Scores of hydropower plants in the south and the central regions are underperforming due to a lack of water.
Deputy general director of Thac Mo Hydropower Joint Stock Company Le Minh Tuan said the water-line at Thac Mo water reservoir was at 201 metres on March 9 compared to an average 207m in the past couples of years.
The shortfall means a loss of around 500 million cubic metres of water or 150 million kWh compared to the same period last year.
“With this water level, the plant can only run eight hours per day. We are in the position to maintain the level up to March 31 only as after that the water may reach the death level 198m, forcing the plant to work only one-two hours per day,” said Tuan.
Tuan assumed 2011’s dry season would be tough for Thac Mo hydropower plant and the situation would not improve before July, 2011 when the flood season comes.
With a designed capacity of 150 megawatts, Thac Mo hydropower plant can add 610 million kWh to the national power system per year.
Besides Thac Mo, other hydropower plants on the Be River, the 70MW Can Don and 55MW Ksok Phu Mieng may incur the same fate as Thac Mo plant.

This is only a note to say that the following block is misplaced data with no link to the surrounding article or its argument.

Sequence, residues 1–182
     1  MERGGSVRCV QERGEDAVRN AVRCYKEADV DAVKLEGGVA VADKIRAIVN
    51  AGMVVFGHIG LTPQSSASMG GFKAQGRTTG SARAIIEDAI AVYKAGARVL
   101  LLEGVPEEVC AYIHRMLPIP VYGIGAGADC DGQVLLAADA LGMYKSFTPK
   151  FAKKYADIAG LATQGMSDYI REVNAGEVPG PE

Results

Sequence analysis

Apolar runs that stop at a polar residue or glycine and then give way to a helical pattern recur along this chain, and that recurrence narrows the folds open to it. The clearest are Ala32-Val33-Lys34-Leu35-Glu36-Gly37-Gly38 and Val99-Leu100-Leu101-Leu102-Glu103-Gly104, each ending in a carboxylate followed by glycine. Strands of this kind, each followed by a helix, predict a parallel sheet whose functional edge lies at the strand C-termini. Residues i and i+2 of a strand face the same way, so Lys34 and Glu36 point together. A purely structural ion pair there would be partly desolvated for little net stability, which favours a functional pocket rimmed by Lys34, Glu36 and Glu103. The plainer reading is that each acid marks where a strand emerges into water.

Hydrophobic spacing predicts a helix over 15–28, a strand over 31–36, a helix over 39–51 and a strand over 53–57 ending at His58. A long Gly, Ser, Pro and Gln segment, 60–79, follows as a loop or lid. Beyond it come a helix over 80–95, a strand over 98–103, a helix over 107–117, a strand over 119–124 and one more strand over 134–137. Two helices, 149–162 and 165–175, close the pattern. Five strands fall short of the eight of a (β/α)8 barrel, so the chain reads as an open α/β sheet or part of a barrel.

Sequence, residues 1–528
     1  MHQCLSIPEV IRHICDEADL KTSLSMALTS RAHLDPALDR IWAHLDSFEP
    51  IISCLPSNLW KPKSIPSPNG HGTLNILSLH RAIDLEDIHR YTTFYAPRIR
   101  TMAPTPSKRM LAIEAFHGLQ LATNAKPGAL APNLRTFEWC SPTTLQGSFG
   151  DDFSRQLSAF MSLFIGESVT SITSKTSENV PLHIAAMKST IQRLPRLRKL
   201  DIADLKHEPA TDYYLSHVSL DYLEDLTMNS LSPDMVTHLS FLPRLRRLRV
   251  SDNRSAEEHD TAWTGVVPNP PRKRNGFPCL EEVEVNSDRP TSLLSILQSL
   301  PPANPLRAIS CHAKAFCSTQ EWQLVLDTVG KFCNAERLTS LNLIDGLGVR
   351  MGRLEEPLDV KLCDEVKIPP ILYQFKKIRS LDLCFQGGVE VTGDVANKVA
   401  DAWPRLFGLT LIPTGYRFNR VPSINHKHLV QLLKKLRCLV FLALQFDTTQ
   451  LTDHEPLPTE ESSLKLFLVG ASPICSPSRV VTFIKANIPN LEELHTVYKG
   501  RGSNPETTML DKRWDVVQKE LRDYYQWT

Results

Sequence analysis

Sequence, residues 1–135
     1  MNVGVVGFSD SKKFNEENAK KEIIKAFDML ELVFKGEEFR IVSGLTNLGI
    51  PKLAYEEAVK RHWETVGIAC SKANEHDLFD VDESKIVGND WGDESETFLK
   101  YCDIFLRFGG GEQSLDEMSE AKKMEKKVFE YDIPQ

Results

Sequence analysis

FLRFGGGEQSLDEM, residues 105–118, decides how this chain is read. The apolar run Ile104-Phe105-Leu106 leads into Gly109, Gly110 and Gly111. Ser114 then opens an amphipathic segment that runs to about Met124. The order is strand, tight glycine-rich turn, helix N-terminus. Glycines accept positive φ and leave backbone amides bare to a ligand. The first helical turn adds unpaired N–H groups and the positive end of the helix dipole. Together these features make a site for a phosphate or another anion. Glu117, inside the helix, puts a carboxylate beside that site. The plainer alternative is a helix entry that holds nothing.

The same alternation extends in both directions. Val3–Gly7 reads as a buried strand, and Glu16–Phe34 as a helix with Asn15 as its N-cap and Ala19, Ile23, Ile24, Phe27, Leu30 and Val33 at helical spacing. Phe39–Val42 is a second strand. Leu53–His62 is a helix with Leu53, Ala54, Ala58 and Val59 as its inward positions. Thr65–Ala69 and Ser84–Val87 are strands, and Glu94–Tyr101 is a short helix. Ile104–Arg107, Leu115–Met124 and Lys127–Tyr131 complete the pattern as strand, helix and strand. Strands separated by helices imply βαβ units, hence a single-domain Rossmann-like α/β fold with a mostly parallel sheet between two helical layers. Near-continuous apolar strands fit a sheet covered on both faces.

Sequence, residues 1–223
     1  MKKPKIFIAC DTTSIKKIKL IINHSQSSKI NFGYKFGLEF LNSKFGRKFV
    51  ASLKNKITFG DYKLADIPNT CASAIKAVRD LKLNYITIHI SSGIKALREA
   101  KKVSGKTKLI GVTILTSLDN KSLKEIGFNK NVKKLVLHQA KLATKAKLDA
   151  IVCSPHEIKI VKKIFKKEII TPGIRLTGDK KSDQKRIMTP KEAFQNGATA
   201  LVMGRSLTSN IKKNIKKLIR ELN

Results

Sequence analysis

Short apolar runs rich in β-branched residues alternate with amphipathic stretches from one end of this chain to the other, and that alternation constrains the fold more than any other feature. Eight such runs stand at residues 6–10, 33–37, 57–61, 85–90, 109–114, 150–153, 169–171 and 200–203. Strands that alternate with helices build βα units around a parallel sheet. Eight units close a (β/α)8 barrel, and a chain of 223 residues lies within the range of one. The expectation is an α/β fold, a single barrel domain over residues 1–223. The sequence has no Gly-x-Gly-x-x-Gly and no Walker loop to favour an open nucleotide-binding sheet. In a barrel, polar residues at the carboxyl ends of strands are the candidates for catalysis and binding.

Tri An hydropower plant is also not an exception.
Tri An water reservoir received 7.727 billion cubic metres only in 2010, or 50 per cent of the average in the past many years and less than one-third of 2009’s.
The shortage of around 2.1 billion cubic water than normality means a loss of 300 million kWh to 400MW Tri An hydropower plant’s annual production.
Currently, Tri An produces around one million kWh per day, far lower than the average 2.4 million kWh per day in the past couples of years. The plant churned out 43 million kWh up to March 7, reaching 2.5 per cent of 2011’s projection and equal to 28.4 per cent of the output in past years, corresponding period.
“With no improvements, the plant may have to temporarily halt production by late April to wait for water when the water-line may reach the death level,” said director of Tri An Hydropower Company Nguyen Kim Phuc.